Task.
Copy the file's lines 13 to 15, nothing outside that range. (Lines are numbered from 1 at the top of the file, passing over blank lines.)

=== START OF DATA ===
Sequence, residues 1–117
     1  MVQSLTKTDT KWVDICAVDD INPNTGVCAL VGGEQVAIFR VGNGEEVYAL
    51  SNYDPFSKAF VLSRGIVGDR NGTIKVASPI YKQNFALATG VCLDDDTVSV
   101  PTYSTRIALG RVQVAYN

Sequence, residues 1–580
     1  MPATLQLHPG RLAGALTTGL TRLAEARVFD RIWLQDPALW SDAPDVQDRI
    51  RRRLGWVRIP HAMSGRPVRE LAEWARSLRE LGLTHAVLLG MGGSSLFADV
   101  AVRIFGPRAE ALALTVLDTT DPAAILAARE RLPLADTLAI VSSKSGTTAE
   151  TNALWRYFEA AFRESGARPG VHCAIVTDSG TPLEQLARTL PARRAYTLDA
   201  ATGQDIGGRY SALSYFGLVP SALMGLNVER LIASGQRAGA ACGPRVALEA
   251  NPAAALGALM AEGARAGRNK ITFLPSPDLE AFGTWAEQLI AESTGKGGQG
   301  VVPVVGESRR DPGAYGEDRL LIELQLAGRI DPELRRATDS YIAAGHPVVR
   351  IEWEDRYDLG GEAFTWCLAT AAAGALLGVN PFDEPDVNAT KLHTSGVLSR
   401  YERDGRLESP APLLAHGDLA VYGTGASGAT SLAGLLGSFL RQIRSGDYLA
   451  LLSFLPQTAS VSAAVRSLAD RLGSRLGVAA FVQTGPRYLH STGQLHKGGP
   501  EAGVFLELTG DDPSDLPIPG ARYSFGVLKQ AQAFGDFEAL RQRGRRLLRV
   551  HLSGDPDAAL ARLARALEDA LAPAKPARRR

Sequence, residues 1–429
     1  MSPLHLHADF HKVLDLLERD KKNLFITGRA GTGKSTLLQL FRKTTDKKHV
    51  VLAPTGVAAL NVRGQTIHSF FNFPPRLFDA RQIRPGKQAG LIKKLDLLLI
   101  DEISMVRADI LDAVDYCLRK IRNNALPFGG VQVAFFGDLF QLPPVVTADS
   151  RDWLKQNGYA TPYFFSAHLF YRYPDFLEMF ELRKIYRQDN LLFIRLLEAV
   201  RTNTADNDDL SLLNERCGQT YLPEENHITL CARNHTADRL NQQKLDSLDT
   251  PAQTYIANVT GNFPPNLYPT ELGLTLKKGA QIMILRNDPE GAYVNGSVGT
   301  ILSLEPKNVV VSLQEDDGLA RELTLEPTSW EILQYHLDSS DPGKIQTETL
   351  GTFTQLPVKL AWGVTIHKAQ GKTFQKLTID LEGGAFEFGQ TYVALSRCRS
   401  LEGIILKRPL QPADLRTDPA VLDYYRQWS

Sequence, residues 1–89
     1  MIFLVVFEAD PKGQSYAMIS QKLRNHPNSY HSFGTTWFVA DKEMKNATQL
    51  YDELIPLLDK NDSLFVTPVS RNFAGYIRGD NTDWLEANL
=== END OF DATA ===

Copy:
   351  IEWEDRYDLG GEAFTWCLAT AAAGALLGVN PFDEPDVNAT KLHTSGVLSR
   401  YERDGRLESP APLLAHGDLA VYGTGASGAT SLAGLLGSFL RQIRSGDYLA
   451  LLSFLPQTAS VSAAVRSLAD RLGSRLGVAA FVQTGPRYLH STGQLHKGGP